Mison commented on this trend, “I’ve not really thought about that! That in every episode, there’s a new girl who Ichabod kind of semi-flirts with. Just because the wife’s in purgatory…[Ichabod and Jenny] seem to be kindred spirits, she’s ballsy and she fights for what she believes is right…But then I think there was a very tender connection with Yolanda, the OnStar lady and I’d like to see her become a recurring character. She could be like Ziggy from Quantum Leap! She could, anytime he needs advice but can’t find Katrina, he just goes and talks to Yolanda….maybe.” On-screen wife Winter remained quiet, “No? Everyone completely disagrees!”
Meanwhile, Crane’s wardrobe has yet to be updated as he assimilates the modern era, since he’s in the same outfit five episodes along. Mison laughed and defended his character’s jacket “that he’s worn for two-hundred fifty years?…Uh, it’s a nice coat though, at least!” A moment later he added “That will be addressed in some way or other” while another member of the press rooted for a good pair of jeans.
Of course this wouldn’t be Sleepy Hollow without its legendary Horseman and other supernatural elements running around. Everyone involved with the show had a lot to say on that monstrous aspect of the show.
“Okay, I’m 5’1″.” Beharie began on the topic of the giant Headless Horseman, “In the next few episodes, I run down stairs, he’s like chasing me with an axe. And I’m a little person, he’s a big guy. Like in real life, the guy who plays the horseman. So I’m scared by the Horseman. He’s on horses and I’m in heels.”
Having the Horseman on set is likely due to Wiseman’s preference for practical effects wherever possible. He said “Tv lends itself to practical effects due to its schedule and time. It’s a bit of a double edged sword but we try to–and you don’t really have time for elaborate visual effects. You don’t have a load of time for practical, but if you plan ahead, it’s the perfect platform for practical and it’s one of the things that Alex and I both are fans of, like the movies that we grew up on, to be able to have an actual–if you have a creature on the episode. If it actually really is a creature, whether it’s Hellraiser or Pumpkinhead or you know, these, I think there’s just more of a connection to it and I miss that. You don’t see that on television a lot.”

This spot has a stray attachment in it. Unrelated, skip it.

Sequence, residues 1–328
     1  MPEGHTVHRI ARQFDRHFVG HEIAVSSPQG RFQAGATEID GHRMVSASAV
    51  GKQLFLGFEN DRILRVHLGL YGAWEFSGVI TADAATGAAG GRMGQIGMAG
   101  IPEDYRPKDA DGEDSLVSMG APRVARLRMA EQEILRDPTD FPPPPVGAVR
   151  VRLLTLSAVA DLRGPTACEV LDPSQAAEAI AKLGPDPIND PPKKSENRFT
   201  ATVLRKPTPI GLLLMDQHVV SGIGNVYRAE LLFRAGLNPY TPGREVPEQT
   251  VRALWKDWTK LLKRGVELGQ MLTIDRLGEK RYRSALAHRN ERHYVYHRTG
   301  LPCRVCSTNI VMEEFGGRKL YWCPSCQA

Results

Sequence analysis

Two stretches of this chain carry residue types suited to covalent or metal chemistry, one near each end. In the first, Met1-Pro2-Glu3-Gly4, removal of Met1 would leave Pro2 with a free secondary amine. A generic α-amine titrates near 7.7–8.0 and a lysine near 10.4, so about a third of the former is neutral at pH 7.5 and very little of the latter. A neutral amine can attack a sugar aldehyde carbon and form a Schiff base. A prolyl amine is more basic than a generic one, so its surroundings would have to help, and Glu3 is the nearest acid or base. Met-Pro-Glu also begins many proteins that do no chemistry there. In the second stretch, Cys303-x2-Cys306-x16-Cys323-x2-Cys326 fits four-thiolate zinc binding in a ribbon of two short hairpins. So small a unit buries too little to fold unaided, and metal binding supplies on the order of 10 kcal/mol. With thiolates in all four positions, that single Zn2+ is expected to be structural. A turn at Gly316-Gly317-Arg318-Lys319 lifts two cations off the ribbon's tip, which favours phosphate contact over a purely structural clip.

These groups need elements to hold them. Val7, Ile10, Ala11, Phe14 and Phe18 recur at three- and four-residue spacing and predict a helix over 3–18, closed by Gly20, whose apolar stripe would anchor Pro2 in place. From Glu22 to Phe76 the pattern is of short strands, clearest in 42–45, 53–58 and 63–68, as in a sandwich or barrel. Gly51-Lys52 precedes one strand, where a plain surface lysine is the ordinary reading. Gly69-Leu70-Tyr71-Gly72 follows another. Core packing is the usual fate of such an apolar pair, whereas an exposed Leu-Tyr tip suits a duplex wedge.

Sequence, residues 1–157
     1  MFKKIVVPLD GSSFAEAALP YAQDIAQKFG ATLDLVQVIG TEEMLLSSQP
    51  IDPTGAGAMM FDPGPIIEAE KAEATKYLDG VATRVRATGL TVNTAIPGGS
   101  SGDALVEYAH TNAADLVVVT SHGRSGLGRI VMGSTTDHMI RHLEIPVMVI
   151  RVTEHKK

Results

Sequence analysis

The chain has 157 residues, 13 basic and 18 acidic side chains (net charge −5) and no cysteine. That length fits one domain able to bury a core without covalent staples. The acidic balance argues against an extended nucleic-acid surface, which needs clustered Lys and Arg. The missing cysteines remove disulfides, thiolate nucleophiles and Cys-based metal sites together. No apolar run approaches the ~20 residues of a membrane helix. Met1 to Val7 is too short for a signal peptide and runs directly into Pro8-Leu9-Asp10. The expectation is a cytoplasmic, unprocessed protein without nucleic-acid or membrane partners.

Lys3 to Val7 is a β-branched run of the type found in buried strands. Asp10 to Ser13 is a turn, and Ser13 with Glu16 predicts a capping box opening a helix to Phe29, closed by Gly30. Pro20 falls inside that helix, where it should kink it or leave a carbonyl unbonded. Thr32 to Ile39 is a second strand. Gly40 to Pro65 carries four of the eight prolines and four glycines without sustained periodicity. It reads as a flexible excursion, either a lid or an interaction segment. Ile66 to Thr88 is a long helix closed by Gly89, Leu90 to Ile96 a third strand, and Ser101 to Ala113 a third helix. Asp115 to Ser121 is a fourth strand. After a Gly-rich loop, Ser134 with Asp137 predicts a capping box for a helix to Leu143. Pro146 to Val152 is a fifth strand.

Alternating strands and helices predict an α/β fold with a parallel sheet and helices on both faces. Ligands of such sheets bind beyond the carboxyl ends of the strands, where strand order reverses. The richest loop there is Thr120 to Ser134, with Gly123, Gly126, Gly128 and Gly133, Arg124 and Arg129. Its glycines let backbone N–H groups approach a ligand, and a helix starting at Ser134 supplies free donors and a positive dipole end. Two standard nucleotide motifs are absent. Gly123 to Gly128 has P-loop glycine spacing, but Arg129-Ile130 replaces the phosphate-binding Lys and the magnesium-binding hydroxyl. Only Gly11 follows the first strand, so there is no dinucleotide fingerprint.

Orlando Jones, who plays Mills’s boss Captain Irving, brought up some other demonic foes as scarier “The show is crazy because the Horseman’s there! It’s not like it’s CGI, and she’s right, he’s like 6’6″ and when he’s swinging an axe you know…but I’m sorry…the Sandman and the Blurry [a recurring horned demon that only appears blurry to viewers so far]? Come on, I’m sorry. That’s just weird!” When Beharie agreed about the Sandman, Jones went on, “Homeboy turns into dust? I ain’t with that. It’s creepy, for me. I mean honestly.”
The Sandman they’re referring to was a chilling creation defeated by Abbie in the third episode, Kurtzman elaborated on what set him apart from being just a demon-on-the-week. “Sandman was literally a manifestation of Abby’s past. And of her guilt and something she hadn’t dealt with. And so we really try and take the approach with our monsters, is not just having them be random monsters but actually echo something very important in our characters and what they’re going through.”
Speaking on future monsters, Wiseman and Kurtzman teased their versions of the classic characters such as a gollem and a scarecrow while Beharie assured us we’d see plenty more of the Horseman.
As for future plot spoilers, the cast was a bit more hesitant with Mison saying “there are things that I can’t say because I’ll get in trouble. And then there are things that I don’t want to say because they’re such nice twists that I want you to enjoy them when they come. But it’s all about Katrina. The more Katrina comes back, the more revelations there are not only about Ichabod but about the fate of humanity. So keep your eyes on her, really.” Jones later added ominously about his own character, “I think the best description for Irving is assume I know everything.”
Sleepy Hollow airs Mondays at 9pm on Fox.
Photography by Elizabeth Phillips